The debates that have come about in opposition of this program have weaponized the narrative of feminism. Within the context of this debate, feminism was weaponized to attack the Women  non-binary, or femme of Color who spoke out against its logics and falsehoods as a structure that does not engage with the distinct gendered oppressions that become tethered through mediums of our race, ethnicity, religious affiliation or that of our able bodied was, or womanhood projected onto our primary or secondary reproductive and sexualized organs.

Moreover, false assumptions that majority of white men concluded inferred that Canadian women live in a society that recognizes inherent women’s rights (in contrast to their assumption that gendered violence is a crisis only applicable to third world countries) and in fact Women of Color who brought to light the statistical critique that counteracts this myth of the patriarchy holding no true crime in juxtaposition to the saturated cases of sexual assault within the intersects of racialized spaces were all caught in the crossfire of being falsely accused of engaging in victimhood mentalities that aim to make (white) men inferior, and moreover engage with a culture of misandry.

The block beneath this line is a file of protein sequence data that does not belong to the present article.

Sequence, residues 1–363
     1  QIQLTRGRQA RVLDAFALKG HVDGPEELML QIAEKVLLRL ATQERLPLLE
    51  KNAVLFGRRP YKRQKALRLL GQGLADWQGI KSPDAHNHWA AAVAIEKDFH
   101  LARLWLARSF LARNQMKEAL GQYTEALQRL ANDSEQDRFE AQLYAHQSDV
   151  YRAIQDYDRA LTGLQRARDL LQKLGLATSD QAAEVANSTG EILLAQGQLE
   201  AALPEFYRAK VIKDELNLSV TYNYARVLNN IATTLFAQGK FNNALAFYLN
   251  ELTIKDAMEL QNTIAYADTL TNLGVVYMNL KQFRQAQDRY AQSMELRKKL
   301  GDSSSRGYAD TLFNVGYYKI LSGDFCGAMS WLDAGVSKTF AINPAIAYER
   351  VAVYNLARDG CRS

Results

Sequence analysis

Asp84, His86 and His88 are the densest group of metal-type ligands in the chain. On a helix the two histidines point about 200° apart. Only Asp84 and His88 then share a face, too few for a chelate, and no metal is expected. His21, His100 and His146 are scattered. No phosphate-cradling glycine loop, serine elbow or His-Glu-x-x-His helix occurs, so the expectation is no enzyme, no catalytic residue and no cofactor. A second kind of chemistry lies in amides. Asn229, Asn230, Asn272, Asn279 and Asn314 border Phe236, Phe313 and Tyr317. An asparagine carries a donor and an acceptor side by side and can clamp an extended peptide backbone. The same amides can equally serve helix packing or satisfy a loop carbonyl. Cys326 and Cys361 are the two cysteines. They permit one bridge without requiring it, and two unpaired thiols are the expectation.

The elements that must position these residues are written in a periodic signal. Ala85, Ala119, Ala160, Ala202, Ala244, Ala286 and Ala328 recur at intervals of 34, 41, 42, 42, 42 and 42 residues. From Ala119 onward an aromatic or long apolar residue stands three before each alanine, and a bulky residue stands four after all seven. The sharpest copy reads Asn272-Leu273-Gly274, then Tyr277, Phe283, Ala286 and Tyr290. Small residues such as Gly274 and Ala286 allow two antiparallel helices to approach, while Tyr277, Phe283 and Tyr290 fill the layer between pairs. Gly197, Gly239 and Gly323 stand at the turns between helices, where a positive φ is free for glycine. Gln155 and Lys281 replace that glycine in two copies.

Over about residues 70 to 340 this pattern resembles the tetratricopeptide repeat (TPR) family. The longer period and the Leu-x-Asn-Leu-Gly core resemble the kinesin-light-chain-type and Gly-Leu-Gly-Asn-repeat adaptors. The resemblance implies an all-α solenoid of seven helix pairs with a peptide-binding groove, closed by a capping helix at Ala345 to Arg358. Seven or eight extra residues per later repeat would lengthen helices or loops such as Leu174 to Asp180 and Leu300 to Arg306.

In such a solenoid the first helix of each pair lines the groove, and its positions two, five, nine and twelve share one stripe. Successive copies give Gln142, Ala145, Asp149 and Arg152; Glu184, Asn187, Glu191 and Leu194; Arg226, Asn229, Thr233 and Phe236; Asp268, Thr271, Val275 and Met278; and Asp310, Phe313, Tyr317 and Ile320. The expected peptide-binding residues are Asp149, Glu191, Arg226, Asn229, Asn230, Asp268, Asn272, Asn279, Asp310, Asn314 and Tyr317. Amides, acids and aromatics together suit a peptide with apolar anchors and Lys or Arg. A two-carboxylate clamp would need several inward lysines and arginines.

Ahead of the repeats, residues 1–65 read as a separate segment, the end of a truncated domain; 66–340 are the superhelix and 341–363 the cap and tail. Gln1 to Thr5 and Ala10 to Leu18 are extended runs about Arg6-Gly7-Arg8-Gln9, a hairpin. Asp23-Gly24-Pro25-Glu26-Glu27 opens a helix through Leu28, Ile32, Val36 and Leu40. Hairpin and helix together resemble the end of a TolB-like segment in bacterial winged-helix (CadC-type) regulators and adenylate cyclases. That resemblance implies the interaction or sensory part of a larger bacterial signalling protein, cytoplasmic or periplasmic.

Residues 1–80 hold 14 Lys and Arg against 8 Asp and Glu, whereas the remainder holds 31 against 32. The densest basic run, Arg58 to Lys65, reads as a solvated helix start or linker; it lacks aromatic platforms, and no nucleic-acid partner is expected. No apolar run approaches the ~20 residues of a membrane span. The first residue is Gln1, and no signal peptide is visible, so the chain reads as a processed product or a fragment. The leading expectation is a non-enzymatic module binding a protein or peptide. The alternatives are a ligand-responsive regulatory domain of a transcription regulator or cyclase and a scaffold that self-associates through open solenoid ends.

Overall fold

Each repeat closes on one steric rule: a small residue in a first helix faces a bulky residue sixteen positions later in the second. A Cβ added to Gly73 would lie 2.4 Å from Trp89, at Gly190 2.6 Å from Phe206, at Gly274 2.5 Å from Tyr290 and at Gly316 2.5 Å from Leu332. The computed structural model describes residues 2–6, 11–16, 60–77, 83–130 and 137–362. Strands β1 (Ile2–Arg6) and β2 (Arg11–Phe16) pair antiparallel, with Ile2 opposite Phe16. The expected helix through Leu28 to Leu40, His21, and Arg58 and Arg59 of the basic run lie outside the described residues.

Whenever conversations regarding sexism or misogyny arise, there is a swift denial that within western society, misogyny is deeply engrained in this nation’s history of settler neo-liberalism that continues the structures of colonization, and racism to occupy the sexualizing of the colonized or racialized body, and the elimination of multidimensional gendered identities that stratifies the institutional legitimizing of white male entitlement, which conveniently ignores the structural inequalities that intersectional Women of Color endure more often than that of White woman.